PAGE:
Halloween may be over, but any time of year is perfect for a good horror movie. When it comes to scary films, I'm something of a classicist — indestructible slashers and Blair Witches be damned. Give me an eerie haunted house, preferably with hidden passageways, cobweb-strewn spiral staircases and spine-tingling organ music.
Following is a guided tour of some beloved cinematic haunted houses. Remember, keep your candelabra held high and steer clear of the remakes; they're not frightening, but they are deadly.
The unfortunate dominance of CGI effects, remake-mania and a lazy, jolt-heavy approach has sucked most of the pleasure out of modern horror. There's more gore but less gratification. While some of the films listed here might seem tame to filmgoers raised on the assaultive, derivative fare now choking the megaplexes, they offer genuine goosebumps — and they're crafted with imagination and affection.
The Legend of Hell House was considered quite a shocker upon its release in 1973. This efficient, low-budget British horror flick, directed by John Hough, places a diverse group of psychic investigators in a huge manse with a sordid history of murder and debauchery. What do the ghosts want? Can they be reasoned with? Can a big machine suck the bad energy out? At times overwrought and frankly preposterous, Hell House still delivers some real chills. Roddy McDowall's rattled performance alone is worth the price of admission.
Producer-director William Castle was more carny than auteur, but his gimmick-filled spookshows still offer frissons aplenty. Castle often trafficked in haunted houses, and his affinity for disembodied spirits, faces at the window and other elements from the periodic table of fear helped form the aesthetic template for latter-day masters like Tim Burton and Sam Raimi. Prints of 1958's House on Haunted Hill came to movie theaters accompanied by a contraption that wheeled a skeleton over the heads of terrified audience members. You won't enjoy that particular thrill watching the film on DVD, but you'll delight in Vincent Price's sardonic, plummy line readings and a twisty plot about a group of guests challenged to spend a night in the titular abode. And there is a skeleton, and it's excellent. Will someone die of fright? Perhaps it will be you! You get the idea. Oh, and at all costs avoid the appalling 1999 remake.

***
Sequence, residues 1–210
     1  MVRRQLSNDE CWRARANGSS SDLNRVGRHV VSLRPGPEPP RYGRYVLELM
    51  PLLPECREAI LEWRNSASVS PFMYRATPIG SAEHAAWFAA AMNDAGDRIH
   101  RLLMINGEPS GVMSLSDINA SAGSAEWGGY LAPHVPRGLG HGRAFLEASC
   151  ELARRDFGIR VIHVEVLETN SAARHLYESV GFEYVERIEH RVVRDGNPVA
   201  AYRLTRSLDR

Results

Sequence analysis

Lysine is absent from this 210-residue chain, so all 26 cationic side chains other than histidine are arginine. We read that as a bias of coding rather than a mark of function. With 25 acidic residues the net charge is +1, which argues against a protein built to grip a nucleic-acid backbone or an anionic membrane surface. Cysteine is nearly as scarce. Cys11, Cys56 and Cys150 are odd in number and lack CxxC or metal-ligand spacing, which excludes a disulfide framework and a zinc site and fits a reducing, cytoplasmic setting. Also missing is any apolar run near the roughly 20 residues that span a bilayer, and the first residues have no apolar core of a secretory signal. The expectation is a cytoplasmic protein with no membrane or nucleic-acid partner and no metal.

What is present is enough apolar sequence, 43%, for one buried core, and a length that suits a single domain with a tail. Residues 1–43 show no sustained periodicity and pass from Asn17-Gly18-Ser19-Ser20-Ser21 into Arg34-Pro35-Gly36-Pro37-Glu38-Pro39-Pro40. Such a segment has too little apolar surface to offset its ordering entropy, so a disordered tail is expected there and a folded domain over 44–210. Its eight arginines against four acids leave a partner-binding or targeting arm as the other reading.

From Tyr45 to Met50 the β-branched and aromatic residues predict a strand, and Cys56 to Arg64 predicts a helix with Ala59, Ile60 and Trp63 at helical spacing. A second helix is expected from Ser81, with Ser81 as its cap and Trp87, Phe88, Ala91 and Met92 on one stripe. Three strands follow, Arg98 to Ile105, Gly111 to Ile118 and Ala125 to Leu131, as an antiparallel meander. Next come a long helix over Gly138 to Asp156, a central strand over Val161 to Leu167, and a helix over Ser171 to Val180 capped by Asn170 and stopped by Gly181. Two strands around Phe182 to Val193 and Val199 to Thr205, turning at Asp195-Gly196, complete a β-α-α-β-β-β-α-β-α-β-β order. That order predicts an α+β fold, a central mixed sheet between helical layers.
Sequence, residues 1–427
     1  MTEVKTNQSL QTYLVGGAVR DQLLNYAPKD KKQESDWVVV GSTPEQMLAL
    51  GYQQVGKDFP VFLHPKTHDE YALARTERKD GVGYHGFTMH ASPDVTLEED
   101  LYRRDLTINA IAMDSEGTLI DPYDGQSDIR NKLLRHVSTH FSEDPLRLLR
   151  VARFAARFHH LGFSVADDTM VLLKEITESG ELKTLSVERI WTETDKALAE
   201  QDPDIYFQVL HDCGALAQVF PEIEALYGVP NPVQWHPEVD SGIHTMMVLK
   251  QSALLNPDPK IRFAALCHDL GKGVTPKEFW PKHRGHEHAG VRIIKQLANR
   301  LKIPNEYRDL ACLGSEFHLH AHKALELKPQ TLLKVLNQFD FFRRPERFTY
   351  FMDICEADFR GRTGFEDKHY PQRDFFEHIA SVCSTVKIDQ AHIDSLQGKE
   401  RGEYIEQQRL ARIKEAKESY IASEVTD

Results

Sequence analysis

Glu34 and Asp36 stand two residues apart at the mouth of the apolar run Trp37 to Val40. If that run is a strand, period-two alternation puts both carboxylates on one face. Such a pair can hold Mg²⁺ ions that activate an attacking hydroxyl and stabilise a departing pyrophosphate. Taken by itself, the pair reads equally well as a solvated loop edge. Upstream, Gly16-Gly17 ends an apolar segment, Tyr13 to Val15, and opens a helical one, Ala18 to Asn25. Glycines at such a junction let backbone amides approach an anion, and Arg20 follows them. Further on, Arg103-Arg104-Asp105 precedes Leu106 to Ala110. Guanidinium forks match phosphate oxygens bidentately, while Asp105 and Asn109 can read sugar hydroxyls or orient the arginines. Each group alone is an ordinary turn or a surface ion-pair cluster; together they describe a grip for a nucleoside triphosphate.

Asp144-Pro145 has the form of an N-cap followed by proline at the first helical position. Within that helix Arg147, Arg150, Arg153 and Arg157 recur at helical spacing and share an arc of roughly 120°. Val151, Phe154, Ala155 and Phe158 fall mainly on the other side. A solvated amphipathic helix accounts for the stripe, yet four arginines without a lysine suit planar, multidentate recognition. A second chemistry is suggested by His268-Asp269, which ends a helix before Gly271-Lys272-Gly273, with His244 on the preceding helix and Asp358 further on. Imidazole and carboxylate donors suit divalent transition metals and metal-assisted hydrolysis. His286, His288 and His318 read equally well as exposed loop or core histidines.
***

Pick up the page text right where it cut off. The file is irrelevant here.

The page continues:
With all the obscure, ungodly crap now available on DVD, why does the 1944 classic The Uninvited still languish on VHS? It's a mystery as baffling as the one at the heart of this elegant chiller. Ray Milland and Ruth Hussey play siblings who buy some seaside real estate with — you guessed it — undisclosed, unabated spirits. While its scares are largely subtle, their cumulative effect will raise hackles on all but the insensate. Filmed in ravishing black-and-white (cinematographer Charles Lang earned an Oscar nomination), The Uninvited is among the most romantic and memorable ghost stories of all time. Here's hoping a definitive DVD version emerges soon; in the meantime, you can catch the film in semi-regular rotation on Turner Classic Movies.
Whenever lists like this are compiled, Robert Wise's moody 1963 film The Haunting invariably makes the cut. And no wonder. While its description may sound generic given how many flicks deposit a team of psychic investigators in a spooky house, its unfolding is unique and unforgettable. Based on Shirley Jackson's novel The Haunting of Hill House (which, incredibly, has nothing to do with the other films listed above), it's suffused with an almost suffocating aura of dread. Julie Harris and Claire Bloom turn in riveting performances. Whatever you do, steer clear of the abysmal 1999 remake.
As I mentioned above, Sam Raimi is among the few modern directors steeped in classic horror, and his profound understanding of the delicate balance of fear and humor is rare among modern filmmakers. Before he graduated to blockbusters, Raimi labored on two low-budget masterpieces, Evil Dead (1982) and Evil Dead 2: Dead By Dawn (1987), which would become his first signature works.
Here's what you need to know: a cabin in the wilds of Michigan. Some unwary travelers. A copy of the Necronomicon, the ancient, flesh-bound Book of the Dead. Hilarity and gallons of blood — seemingly delivered by water cannon — ensue. Bruce Campbell stars as Ash, Raimi's hunky, wisecracking doppelgänger. In the gory, uproarious second film, he hoists a chainsaw to fend off rampaging legions of the undead, who bellow "I'll swallow your soul" like hecklers at a ballgame. It's extreme fun. There's a third film in the series, the action-fantasy epic Army of Darkness, but since it doesn't take place in a house, it'll have to wait for a future discussion.